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semi-Thue system

semi-Thue system An important concept in formal language theory that underlies the notion of a grammar. It was defined and investigated by Axel Thue from about 1904. A semi-Thue system over the alphabet Σ is a finite set of ordered pairs of Σ-words: {〈l1,r1〉,…,〈ln,rn〉}

Each pair 〈li,ri〉 is a rule, referred to as a production, with left-hand side li and right-hand side ri; it is usually written li ri

Let u and v be Σ-words, and lr be a production, then the word ulv is said to directly derive the word urv; this is written ulvurv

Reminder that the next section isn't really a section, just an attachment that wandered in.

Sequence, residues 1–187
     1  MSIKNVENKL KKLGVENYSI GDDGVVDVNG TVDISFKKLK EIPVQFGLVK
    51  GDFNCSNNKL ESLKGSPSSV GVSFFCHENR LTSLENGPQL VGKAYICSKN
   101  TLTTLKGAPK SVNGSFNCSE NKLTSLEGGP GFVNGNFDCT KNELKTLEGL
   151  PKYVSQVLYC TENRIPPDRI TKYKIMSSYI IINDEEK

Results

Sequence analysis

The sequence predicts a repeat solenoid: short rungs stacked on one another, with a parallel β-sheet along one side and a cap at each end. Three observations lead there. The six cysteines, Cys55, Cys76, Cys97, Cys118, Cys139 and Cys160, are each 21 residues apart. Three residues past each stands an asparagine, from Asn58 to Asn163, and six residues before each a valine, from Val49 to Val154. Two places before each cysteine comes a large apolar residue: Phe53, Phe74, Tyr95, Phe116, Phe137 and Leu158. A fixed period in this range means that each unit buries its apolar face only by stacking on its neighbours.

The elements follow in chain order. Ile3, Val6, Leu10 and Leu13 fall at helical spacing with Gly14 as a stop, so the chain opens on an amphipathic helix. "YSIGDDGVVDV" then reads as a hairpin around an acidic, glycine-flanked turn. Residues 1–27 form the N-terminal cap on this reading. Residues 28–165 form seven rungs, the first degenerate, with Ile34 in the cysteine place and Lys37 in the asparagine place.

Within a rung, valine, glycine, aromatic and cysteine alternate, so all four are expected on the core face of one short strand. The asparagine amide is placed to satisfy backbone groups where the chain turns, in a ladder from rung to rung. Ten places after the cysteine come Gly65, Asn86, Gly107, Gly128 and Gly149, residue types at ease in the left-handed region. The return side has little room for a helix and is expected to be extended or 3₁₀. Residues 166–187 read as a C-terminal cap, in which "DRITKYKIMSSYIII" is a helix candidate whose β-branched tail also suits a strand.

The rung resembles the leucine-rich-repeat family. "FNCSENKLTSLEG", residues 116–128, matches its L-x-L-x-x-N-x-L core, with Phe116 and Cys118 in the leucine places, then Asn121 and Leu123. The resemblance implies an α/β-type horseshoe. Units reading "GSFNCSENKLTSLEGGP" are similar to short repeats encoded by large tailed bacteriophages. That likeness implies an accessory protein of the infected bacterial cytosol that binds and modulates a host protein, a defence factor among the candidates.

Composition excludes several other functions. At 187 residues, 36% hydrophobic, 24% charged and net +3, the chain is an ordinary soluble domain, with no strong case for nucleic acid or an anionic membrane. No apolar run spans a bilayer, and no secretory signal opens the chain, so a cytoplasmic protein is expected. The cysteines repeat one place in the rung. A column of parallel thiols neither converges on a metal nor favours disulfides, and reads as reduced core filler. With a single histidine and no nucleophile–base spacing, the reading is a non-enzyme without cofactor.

So w directly derives w′ if w′ is the result of applying a production to some substring of w. If w1w2 ⇒ … ⇒ wn–1wn

then w1 is said to derive wn; this is written w1 ⇒∗ wn

So w derives w′ if w′ is obtained from w by a sequence of direct derivations.

As one example, let Σ be {a,b} and let the productions be {abba, baab}

then aabba derives baaab by the sequence aabbaabababaababaaab

It is clear that w derives any permutation of w.

As a second example, with productions {abba, ba → Λ}

w derives Λ (the empty word) if and only if w has the same number of as as bs.

The question of whether w derives w′ is algorithmically undecidable.

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